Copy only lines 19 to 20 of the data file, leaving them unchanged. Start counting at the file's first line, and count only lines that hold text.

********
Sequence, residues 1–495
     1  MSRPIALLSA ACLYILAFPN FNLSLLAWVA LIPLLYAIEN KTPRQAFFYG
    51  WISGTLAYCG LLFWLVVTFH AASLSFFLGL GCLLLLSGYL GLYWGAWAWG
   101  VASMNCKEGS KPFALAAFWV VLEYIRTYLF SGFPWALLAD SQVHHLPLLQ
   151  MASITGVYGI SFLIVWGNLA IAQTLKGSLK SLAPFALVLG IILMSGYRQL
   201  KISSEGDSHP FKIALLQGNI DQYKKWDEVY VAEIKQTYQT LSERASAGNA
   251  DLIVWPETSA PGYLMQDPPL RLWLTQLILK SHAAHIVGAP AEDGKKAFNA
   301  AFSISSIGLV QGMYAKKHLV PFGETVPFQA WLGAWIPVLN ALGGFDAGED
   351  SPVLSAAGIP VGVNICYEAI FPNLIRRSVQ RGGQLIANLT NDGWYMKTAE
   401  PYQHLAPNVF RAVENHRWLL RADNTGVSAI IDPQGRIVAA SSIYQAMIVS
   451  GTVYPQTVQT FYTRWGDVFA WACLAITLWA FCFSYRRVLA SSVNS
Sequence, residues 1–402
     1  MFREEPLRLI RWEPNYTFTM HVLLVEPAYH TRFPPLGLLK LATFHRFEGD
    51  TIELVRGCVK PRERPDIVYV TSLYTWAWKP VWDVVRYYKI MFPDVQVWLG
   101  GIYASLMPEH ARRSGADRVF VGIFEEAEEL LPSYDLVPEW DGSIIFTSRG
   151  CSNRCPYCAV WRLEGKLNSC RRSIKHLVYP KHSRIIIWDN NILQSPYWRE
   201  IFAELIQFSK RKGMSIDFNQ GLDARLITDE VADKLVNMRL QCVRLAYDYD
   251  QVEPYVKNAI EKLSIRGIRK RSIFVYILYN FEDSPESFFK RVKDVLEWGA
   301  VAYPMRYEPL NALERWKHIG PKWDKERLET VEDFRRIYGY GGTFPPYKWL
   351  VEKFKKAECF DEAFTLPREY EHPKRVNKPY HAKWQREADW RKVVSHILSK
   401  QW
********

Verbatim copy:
   301  VAYPMRYEPL NALERWKHIG PKWDKERLET VEDFRRIYGY GGTFPPYKWL
   351  VEKFKKAECF DEAFTLPREY EHPKRVNKPY HAKWQREADW RKVVSHILSK